So, some time ago, I tried to reverse engineer the Ortiz method. In so doing, I didn’t discover his method, but I did come up with my own. After finally finding out what the Ortiz method actually was, I realized just how inferior my own attempt was. But here it is, my own (clunky) method for free, just for fun. Perhaps someone can make use of it.

For USPCC NDO to Si Stebbins
1) Run 10 cards, throw deck on top.
2) Run 3 cards, throw deck on top.
3) Say “Oh I forgot about the jokers,” and turn deck face up. Cut the hearts to the top of the deck.
4) Take out the jokers. Say, “I don’t know if there are any more.” Spread the spades, cut at the 7 (that is, the 7 is now the card closest to your palm in the right hand), put the rest of the spades on top of these (without reversing them), then cut all the spades to the top of the deck.
5) Spread the diamonds, cut at the 4, put the rest of the diamonds on top of these, then cut all the diamonds to the top of the deck.
6) Reverse count the clubs into your right hand, stop at the 2 in your right hand, put the Ace under those cards, then cut all the clubs to the top of the deck.
7) Two out faros –keys are 5D and then 8S. You are now in Si Stebbins with the AC on top, JH on the bottom, in CoDfiSH order.

So now for the real value in this post. Last year I was at a magic convention where Gene Anderson slayed a large roomful of magicians with his Si Stebbins routine. He sells the manuscript describing the routine for a laughably small amount on his website.

Are Your Lessons Done?

I’m going to talk about something that I don’t think I am able to talk about directly. So let me tell some stories.

When I was in college, I had a very strange and seminal experience with my acting teacher.  During his office hours, I asked him an acting question. He told me to stop and try an exercise. He told me to focus my attention on exactly what I could sense with my senses, one by one, at that moment.  And as I did so, I sensed his aura grew stronger and stronger. My teacher was a short heavy African-American man. From the cloud of that aura, he transformed into a tall, thin, Russian man, who I recognized as Stanislavski.

I was not under the influence of any drugs at the time.

I was somewhat alarmed and told my teacher why; he was calm, and said, just remember what brought you to this place.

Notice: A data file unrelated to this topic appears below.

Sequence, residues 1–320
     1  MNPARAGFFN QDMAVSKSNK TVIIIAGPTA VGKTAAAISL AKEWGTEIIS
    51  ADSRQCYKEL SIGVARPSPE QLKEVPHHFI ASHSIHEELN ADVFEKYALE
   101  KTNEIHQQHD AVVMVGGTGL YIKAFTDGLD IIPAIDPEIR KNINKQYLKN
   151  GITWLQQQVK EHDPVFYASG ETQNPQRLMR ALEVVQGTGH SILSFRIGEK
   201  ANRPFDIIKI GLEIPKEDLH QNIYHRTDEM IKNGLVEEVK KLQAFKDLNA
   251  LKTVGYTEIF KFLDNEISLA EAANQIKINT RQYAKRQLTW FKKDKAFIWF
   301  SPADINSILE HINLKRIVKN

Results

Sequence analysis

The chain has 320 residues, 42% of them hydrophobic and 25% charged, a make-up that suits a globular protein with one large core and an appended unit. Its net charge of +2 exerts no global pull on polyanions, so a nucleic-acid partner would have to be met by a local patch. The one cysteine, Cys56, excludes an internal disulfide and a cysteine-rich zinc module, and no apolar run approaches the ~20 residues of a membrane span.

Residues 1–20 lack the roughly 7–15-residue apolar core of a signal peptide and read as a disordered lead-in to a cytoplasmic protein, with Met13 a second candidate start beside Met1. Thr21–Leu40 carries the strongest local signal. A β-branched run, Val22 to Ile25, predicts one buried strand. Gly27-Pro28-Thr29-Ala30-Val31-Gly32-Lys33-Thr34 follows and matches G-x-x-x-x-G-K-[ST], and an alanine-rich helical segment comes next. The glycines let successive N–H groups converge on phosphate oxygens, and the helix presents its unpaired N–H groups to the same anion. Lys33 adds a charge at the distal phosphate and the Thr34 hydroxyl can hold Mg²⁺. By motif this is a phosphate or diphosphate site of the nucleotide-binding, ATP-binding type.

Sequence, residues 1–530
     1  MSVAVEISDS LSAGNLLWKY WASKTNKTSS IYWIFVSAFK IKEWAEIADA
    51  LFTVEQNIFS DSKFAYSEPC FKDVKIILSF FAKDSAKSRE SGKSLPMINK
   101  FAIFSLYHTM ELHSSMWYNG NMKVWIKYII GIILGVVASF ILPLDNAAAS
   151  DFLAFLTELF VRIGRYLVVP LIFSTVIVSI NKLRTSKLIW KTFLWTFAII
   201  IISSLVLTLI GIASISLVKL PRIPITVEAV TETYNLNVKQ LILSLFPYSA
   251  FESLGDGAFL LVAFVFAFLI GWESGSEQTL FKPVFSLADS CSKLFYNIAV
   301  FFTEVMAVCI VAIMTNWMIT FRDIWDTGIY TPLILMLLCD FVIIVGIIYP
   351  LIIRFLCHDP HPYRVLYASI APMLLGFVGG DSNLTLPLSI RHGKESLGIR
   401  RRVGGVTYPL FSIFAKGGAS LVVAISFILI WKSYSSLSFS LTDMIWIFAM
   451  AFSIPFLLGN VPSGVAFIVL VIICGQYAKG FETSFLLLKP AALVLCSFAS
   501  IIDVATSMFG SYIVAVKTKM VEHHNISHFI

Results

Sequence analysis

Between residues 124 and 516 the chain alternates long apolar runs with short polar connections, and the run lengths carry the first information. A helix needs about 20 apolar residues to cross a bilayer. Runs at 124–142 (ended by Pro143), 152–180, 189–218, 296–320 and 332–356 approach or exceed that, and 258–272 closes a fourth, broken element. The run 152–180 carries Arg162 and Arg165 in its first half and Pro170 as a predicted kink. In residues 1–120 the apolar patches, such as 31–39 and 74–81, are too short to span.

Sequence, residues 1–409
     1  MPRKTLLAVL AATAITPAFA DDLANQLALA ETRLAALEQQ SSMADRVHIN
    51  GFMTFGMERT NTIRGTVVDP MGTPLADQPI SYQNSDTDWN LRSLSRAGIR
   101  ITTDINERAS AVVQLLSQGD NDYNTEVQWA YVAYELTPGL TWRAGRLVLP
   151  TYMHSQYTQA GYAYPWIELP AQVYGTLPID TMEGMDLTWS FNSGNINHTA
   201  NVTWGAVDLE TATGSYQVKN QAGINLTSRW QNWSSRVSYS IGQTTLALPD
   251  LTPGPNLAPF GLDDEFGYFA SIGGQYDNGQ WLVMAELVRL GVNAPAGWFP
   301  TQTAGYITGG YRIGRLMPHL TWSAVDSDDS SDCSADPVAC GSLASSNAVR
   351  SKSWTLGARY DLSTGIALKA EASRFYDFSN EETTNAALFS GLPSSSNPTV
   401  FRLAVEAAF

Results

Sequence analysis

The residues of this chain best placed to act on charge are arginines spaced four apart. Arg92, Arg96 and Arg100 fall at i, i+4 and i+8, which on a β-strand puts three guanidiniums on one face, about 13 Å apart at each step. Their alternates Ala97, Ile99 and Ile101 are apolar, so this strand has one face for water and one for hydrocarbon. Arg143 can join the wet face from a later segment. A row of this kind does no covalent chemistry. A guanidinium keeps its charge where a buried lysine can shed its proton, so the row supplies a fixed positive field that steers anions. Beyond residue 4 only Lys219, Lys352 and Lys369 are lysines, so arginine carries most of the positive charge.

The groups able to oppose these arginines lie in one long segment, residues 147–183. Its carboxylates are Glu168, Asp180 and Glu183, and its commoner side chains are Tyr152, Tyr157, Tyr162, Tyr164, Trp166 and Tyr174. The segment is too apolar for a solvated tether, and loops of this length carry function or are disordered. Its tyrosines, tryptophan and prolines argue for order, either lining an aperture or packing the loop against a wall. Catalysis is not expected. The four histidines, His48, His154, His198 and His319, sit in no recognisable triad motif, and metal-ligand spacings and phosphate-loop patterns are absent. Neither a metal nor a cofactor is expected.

Sometime later, I performed a scene in his class, and as was his custom, after the scene was over, he said to me and my scene partner, “What were you working for, and how did it go?” I forget what the scene was, but it was always a little nerve-wracking to have to speak about my work, and I muttered something. Then he pointed to my foot which was jiggling up and down. “When,” he asked, “will we see that in your acting?”

From a different field: magicians have a way of shuffling a deck of cards that they call a faro shuffle. I’m not going to go into why magicians like to shuffle this way, but suffice it to say that there are certain properties of the shuffle that are inherently useful to a card magician.

Now the faro shuffle is not simple to acquire. For better or for worse, once you can faro shuffle, you generally are not considered a beginner at cards anymore. You can read a number of descriptions in the magic literature about learning this shuffle; how to place each finger, what the action of the left pinky and right forefinger are, how to adjust for the varying qualities of card stock and brands, and so on. But one thing almost all the books agree on is this: the way to learn how to do the faro is to find someone who already knows how to do it. Then you ask them to teach you.

American actors classify themselves into the Strasberg, Adler, Meisner, or Spolin camps. Magicians trace their lineage to Vernon or Marlo.

There is the written law, and there is the oral tradition. Furthermore, every religion has its exoteric and the esoteric traditions. Actors and magicians too.

Another time, I did a scene where I played a character who uses racist language. Afterwards, my teacher asked me to take a moment, and think back to when I–not the character–first saw my first Black person. My thoughts raced back to my childhood. He looked at me for a few seconds: “That.” My mind jumped at the indication. How did he know I was thinking that, then?

What book? What text? How is it preserved? What, exactly, is transmitted? Can the thread be lost? How far from me to you?